Former Supreme Court judge Paul Stevens has taken the debate on guns one step further and is calling for a total repeal of the Second Amendment. Writing in The New York Times, he says he’s inspired by the kids who can’t find a safe space to learn without getting shot at by other kids. They’re calling for raising the age to when a person can own a firearm, an age obviously older than themselves because, let’s face it, you can’t trust kids to have things, especially the rights to a gun and thankfully, to vote.
That support is a clear sign to lawmakers to enact legislation prohibiting civilian ownership of semiautomatic weapons, increasing the minimum age to buy a gun from 18 to 21 years old, and establishing more comprehensive background checks on all purchasers of firearms. But the demonstrators should seek more effective and more lasting reform. They should demand a repeal of the Second Amendment.
Stevens’ rationale is this: At the founding of the Republic states were a little uneasy of a national army and felt someday it may want to get cute and invade one of them. So the states wanted assurance, just in case, and so the Second Amendment was included in the Bill or Rights.
Stevens thinks the Second Amendment is outdated because armies used to invade citizens is, as he says “a relic of the 18th century” even though in the 19th century the army invaded Virginia and in the 20th century armies were used in spectacular fashion in murdering citizens the world over. But not in the US, of course, since it’s one of the few countries where the military doesn’t do that sort of thing and (oh, by the way) the citizens in the US have a right to bear arms.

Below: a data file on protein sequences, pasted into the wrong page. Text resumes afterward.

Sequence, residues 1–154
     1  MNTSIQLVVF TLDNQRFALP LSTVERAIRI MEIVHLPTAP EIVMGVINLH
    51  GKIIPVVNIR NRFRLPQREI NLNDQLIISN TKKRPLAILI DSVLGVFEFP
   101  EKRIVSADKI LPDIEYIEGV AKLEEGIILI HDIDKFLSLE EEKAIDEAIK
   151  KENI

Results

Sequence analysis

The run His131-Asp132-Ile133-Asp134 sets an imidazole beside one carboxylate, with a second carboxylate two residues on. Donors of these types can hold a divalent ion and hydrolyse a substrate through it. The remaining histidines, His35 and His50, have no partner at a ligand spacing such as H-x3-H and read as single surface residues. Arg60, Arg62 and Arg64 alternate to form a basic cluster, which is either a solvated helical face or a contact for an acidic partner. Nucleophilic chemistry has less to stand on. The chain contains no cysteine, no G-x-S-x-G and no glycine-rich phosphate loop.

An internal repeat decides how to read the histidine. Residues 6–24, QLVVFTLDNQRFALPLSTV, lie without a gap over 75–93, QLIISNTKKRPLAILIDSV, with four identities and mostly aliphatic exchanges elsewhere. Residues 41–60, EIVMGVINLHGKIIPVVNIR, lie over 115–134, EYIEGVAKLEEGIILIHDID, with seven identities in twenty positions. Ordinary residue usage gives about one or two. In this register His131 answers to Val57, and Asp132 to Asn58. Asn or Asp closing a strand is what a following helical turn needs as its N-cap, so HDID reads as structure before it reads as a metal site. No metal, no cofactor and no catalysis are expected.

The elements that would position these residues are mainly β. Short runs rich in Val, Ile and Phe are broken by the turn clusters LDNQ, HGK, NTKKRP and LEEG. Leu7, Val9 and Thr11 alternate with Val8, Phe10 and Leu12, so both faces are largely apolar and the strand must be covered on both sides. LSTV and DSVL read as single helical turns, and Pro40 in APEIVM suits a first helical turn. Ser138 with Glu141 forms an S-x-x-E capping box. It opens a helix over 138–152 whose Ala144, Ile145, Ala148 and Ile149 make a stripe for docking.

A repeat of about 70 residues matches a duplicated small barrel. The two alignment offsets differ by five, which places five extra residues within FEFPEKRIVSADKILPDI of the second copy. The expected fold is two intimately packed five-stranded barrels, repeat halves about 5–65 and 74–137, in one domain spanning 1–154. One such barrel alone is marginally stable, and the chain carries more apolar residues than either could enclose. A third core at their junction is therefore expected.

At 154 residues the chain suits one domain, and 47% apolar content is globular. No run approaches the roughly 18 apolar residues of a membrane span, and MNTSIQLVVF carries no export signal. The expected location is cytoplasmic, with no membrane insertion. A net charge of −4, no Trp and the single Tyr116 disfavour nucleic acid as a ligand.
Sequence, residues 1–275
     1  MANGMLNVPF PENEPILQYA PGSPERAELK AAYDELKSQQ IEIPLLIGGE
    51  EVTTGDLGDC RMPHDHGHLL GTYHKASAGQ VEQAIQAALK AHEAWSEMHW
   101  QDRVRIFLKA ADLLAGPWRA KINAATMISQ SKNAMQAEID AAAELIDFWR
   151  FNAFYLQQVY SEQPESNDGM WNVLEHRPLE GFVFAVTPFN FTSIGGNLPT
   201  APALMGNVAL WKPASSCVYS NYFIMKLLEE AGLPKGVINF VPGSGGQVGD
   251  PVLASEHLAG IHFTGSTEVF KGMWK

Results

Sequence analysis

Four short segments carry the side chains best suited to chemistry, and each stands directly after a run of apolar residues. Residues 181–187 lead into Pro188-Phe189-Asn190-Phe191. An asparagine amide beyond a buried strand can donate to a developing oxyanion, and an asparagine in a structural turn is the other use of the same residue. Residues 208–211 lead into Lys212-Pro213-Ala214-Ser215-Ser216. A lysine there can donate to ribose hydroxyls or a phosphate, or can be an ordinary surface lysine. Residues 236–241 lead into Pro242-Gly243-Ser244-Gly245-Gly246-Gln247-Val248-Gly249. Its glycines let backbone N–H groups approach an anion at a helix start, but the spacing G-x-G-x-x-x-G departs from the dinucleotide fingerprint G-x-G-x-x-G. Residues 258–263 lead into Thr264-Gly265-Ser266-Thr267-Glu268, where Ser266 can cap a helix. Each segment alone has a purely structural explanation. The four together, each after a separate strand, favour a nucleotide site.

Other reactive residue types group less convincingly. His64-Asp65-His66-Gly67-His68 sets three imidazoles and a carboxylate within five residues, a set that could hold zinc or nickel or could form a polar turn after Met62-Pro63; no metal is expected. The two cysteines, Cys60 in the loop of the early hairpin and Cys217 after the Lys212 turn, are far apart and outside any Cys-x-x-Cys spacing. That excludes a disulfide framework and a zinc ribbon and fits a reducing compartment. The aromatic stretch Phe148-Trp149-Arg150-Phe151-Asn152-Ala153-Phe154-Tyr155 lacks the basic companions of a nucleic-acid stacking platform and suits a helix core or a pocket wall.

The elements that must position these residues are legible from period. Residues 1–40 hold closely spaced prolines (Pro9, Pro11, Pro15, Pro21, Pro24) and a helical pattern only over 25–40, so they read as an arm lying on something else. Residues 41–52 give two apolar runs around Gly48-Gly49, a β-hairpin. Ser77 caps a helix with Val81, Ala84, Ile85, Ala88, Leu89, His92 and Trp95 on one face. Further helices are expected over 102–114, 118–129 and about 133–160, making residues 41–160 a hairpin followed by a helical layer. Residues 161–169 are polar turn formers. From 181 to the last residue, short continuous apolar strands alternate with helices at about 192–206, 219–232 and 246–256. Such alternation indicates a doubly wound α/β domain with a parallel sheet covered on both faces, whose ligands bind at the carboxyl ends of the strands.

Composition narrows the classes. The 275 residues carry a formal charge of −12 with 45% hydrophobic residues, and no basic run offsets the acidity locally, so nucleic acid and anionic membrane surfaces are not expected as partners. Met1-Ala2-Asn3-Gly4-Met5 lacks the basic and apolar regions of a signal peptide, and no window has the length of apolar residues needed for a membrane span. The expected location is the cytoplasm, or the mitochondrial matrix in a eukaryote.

But really. Is an army the only conceivable armed threat to citizens? What about criminals, Judge Stevens, are they a “relic” of the 18th century too?
We should be more than happy that Stevens is not on the court anymore. Not so much as to what he thinks of the Second Amendment but how he thinks period, he writes in the Times:
In 2008, the Supreme Court overturned Chief Justice Burger’s and others’ long-settled understanding of the Second Amendment’s limited reach by ruling, in District of Columbia v. Heller, that there was an individual right to bear arms. I was among the four dissenters.
Okay. Stevens dissented in Heller because he doesn’t believe in “an individual right to bear arms.” Where does that come from, his interpretation of the Second Amendment or his personal preference? If it’s his reading of the law then why does he want the amendment repealed since to him it doesn’t provide the right to bear arms in the first place? Since he wants the amendment repealed then he must concede that there is a right to bear arms in that amendment (why write the article) in which case his dissent in Heller was fraudulent. Does the reader agree or am I the stupid one?
This is why you can’t have liberals on the Supreme Court. They don’t interpret laws — they just come up with their own sense of right and wrong and forget about laws. How does a Supreme Court judge look at a bunch of wrongheaded hippy-wannabes and be inspired to write about repealing an Amendment in the Bill of Rights? Talk about getting caught up with the times.
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